And Ramaphosa is too busy trying to get his fellow politicians into prison. The whole country is on hold while the ANC's civil war plays out. We don't have time for this. We should be focusing on what we need to do to fix our economy.
For those who still believe Ramaphosa is able to resolve South Africa's deep-rooted problems, 0.8% growth and ongoing disinvestment surely cause for scepticism. Bear in mind that in November 2017, Ramaphosa himself set a target of 3% growth in 2018.
This continued slide in average per capita income, as well as the ANC's continued penchant for socialism (as per their recent support for Nicolas Maduro's oppressive socialist regime in Venezuela), are bright red flags, signalling a False Dawn.
If anything, far from introducing policies to unlock growth, 2018 saw a shift in policy towards greater state intervention in the economy.
Policies such as the National Minimum Wage (which, though low, is 80% of South Africa's median income), National Health Insurance, the (badly named) Protection of Investment Act and expropriation without compensation will all have the effect of deterring investment.
The World Bank has made it clear that without a radical shift in policy towards freeing up the economy, South Africa's unemployment will remain unnaturally high over the next decade (above 25% for narrow unemployment) and the number of people stuck in poverty will continue to grow.
With the right reforms, we can put SA on a growth trajectory of 5-8%, in line with Botswana, Rwanda and Ethiopia. But that requires bold change. And since bold change will clearly not come from the ANC, it needs to come from the electorate.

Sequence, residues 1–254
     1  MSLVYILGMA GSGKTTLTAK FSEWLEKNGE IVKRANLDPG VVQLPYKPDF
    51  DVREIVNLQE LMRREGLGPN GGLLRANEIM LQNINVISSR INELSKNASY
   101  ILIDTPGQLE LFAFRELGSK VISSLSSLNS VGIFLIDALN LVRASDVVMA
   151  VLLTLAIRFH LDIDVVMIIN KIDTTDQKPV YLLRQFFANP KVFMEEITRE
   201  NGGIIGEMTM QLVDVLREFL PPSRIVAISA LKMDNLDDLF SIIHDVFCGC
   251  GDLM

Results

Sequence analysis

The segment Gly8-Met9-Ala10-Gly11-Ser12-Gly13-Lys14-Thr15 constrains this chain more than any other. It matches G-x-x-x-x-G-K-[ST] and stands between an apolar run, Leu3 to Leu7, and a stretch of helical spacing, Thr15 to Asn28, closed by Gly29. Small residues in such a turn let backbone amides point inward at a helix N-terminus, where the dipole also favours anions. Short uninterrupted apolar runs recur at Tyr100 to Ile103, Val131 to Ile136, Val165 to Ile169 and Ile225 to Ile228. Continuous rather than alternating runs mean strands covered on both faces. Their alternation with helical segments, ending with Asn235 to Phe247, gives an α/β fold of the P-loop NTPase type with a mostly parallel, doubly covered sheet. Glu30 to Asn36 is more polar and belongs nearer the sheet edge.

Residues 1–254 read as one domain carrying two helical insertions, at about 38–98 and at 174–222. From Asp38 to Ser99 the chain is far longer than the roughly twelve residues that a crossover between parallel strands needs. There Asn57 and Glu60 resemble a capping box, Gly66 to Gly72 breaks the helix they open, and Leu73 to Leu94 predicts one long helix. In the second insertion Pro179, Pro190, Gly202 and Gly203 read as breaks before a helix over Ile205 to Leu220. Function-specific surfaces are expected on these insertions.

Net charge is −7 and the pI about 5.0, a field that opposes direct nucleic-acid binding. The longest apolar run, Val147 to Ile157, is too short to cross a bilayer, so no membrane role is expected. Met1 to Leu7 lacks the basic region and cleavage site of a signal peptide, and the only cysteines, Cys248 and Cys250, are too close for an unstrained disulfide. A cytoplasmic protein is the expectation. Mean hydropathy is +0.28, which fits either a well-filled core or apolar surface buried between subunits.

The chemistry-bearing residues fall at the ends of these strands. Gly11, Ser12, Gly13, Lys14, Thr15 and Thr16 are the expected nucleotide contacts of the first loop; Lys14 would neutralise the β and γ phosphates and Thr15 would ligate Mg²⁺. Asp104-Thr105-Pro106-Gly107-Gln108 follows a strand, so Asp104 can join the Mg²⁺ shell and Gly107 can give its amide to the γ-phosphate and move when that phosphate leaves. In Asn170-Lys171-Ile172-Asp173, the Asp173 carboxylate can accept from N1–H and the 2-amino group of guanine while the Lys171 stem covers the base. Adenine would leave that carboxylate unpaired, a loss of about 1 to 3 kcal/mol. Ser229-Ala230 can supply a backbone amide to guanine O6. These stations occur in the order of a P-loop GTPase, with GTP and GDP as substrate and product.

On 8 May, South Africans face a choice between the corrupt, backward-looking ANC and the honest, future-focused DA. The DA can deliver to the whole country what we have delivered in the Western Cape, where we've created 508 000 sustainable jobs in the past decade, and where broad unemployment (23%) is 14 percentage points lower than the national average (37%).
The DA's election manifesto is a roadmap to economic growth of 5-8%. It is packed with doable, workable action steps to get our beautiful country delivering a life of opportunity to all. On 8 May, a vote for the DA will be a vote to grow the economy and build One South Africa for All.
- Maimane is leader of the DA.
Disclaimer: News24 encourages freedom of speech and the expression of diverse views. The views of columnists published on News24 are therefore their own and do not necessarily represent the views of News24.
Choosing the brightest body colour isn't necessarily a good thing. Here's why...
Teens are pledging to not have children until governments address climate change.
Mercedes-Benz have now upgraded its GLC with a host of new changes.
Getting scammed isn't cute.
We'll keep you in the loop!
Culprits could face 4 years in prison
According to general manager Desmond O'Connor from Radisson Blu Residence in Cape Town.
Expect a meringue-like texture on top, and a dense, rich center.
Western CapeTumaini ConsultingR550 000.00 - R650 000.00 Per Year
Cape TownShockproof 223 (Pty) Ltd
Cape Town CBDCapita SA
Apartments / Flats
R 2 495 000
R 4 899 000
R 3 395 000
We subscribe to the Press Code.
You choose what you want
News24 on Android
Get the latest from News24 on your Android device.
Terms and Conditions
24.com Terms and Conditions - Updated April 2012
Creating your profile will enable you to submit photos and stories to get published on News24.
This username must be unique, cannot be edited and will be used in the URL to your profile page across the entire 24.com network.